That the public health state can trust locational data is critical as it must respond to its own massive failure, here the somewhat vague reference to the “Mumbai episode.”
For now, I am assuming that this episode is the much reported finding, early in 2012, that several cases of entirely multi-drug resistant tuberculosis had been found in Mumbai. Here is the Lancet of 21 January 2012:
India reports cases of totally drug-resistant tuberculosis
Mismanagement of tuberculosis in Mumbai has led to the emergence of India’s first known cases of a totally drug-resistant form of the disease, say doctors. Samuel Loewenberg reports.
Researchers in Mumbai have identified 12 patients with a virulent strain of tuberculosis that seems to be resistant to all known treatments. The cases of so-called totally drug-resistant tuberculosis (TDR-TB) have been detected in the city in the past 3 months. Worldwide, the only other episodes of TDR-TB reported were in Iran in 2009 and Italy in 2007.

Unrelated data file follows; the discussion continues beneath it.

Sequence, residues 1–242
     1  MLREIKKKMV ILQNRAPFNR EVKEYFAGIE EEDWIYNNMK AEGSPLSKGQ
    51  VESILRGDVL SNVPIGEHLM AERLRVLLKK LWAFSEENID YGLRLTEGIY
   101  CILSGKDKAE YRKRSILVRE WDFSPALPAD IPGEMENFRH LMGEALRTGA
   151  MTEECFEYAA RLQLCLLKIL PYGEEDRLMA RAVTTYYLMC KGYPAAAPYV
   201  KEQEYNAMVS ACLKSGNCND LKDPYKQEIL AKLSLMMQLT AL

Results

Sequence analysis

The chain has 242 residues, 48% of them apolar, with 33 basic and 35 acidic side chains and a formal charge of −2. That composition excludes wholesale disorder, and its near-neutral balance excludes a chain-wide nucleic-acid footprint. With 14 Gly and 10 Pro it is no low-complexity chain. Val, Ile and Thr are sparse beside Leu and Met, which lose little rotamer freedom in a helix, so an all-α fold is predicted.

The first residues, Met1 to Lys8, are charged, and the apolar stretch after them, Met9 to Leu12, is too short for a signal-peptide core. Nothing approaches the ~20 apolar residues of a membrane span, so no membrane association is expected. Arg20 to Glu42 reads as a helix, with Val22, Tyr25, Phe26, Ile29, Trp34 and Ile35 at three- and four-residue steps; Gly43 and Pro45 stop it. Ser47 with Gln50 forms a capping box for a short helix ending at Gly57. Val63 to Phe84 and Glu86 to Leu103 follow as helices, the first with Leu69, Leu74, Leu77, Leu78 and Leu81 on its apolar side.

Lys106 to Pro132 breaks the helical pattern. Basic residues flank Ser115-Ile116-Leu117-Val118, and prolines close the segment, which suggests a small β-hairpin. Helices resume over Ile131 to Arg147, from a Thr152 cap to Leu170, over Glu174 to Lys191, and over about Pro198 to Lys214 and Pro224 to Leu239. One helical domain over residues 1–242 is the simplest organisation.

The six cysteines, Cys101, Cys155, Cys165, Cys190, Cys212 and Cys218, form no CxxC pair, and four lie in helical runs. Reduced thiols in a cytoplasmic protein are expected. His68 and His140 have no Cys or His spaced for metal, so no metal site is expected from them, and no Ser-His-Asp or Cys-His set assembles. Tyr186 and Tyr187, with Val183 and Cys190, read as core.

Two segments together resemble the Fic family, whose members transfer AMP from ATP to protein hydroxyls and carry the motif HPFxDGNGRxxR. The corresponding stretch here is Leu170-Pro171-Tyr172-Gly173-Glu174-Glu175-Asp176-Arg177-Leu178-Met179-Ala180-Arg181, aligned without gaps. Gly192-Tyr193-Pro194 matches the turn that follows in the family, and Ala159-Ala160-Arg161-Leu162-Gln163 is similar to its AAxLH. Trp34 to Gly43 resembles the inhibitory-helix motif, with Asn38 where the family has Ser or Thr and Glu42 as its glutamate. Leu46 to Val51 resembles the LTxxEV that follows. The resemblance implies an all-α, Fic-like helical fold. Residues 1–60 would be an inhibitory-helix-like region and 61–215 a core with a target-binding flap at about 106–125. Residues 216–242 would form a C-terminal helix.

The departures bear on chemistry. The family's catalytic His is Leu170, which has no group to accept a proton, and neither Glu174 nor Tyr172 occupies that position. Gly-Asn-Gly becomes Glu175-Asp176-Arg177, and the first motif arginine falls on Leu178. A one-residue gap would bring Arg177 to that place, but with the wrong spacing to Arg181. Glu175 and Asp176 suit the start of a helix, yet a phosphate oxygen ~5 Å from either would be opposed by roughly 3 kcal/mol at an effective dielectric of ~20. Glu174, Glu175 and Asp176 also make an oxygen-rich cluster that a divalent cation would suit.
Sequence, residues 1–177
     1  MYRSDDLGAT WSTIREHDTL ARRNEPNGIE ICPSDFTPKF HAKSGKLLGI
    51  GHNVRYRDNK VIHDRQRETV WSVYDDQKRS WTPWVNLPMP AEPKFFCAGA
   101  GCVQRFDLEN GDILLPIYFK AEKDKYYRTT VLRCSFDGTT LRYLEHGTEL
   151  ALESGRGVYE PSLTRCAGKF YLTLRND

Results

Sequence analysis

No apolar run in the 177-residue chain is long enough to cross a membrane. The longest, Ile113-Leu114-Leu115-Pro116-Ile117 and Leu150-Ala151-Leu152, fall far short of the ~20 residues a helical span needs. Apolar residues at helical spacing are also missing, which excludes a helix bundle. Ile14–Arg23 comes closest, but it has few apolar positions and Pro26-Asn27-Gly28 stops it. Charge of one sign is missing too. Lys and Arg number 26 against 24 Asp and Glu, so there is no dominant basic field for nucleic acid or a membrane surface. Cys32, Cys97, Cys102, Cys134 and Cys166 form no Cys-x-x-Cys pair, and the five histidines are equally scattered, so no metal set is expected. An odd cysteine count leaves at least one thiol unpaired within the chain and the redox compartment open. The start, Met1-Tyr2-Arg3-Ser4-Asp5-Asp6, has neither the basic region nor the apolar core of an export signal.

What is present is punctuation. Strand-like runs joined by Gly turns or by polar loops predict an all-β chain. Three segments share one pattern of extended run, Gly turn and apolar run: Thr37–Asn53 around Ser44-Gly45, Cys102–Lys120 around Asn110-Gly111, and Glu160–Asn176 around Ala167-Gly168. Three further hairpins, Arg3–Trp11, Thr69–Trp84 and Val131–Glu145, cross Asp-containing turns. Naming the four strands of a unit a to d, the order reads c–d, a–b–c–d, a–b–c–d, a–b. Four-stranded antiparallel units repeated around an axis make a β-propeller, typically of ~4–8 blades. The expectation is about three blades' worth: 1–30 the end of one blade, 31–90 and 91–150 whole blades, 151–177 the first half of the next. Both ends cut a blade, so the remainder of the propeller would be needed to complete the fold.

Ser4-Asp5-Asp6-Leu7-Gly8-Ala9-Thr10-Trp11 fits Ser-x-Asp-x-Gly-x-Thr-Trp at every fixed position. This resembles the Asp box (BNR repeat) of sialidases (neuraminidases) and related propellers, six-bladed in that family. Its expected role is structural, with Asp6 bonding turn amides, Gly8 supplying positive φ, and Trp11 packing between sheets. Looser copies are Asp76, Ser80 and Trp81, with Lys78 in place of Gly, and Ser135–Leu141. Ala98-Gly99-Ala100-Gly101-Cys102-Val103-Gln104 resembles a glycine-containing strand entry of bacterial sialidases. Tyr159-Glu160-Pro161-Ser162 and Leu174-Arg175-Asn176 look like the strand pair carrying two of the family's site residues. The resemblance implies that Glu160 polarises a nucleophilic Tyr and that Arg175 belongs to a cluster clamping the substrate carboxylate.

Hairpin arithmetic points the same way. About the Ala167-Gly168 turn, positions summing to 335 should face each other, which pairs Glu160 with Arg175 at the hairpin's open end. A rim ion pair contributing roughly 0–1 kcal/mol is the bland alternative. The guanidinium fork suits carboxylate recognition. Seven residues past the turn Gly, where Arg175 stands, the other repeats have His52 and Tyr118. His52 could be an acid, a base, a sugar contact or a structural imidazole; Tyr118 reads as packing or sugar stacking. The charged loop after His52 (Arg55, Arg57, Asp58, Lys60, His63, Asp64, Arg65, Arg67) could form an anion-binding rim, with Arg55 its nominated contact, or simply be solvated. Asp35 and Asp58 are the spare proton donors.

What then follows is a social diagnosis: a miserable state system drives persons to mostly untrained clinicians whose prescription patterns drive increased drug resistance: the state fails entirely either to regulate the latter or to address the failures of the state system.
In this context, how to make sense of the turn to Aadhaar, to the new promise of Big Data? What is not addressed is the state’s failure, assuming the arguably inflationary language of the Lancet piece is acccurate, to enroll most persons with MDR-TB or to regulate the conditions of common treatment. Rather, those few persons already in the MDR-TB treatment pipline are to be more effectively surveilled through the UID number.